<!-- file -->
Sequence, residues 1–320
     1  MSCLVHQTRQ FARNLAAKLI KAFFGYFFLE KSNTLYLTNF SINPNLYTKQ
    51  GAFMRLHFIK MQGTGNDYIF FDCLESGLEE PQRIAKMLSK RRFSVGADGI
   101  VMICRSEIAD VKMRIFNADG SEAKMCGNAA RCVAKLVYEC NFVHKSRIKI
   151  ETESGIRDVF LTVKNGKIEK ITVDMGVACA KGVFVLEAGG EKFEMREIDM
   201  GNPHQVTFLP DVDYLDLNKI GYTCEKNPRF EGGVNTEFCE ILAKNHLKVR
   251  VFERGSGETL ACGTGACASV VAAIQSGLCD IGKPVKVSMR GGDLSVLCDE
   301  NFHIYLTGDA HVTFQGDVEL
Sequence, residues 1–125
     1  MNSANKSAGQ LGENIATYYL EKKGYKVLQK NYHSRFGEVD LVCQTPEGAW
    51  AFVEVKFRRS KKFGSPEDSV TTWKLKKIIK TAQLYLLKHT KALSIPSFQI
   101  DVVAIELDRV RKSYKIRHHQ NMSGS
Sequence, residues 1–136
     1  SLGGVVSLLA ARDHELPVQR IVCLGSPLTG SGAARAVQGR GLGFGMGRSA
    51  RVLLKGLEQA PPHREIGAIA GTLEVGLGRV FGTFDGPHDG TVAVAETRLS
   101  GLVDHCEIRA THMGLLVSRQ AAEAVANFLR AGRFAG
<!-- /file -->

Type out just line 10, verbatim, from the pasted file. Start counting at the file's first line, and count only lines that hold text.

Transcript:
     1  MNSANKSAGQ LGENIATYYL EKKGYKVLQK NYHSRFGEVD LVCQTPEGAW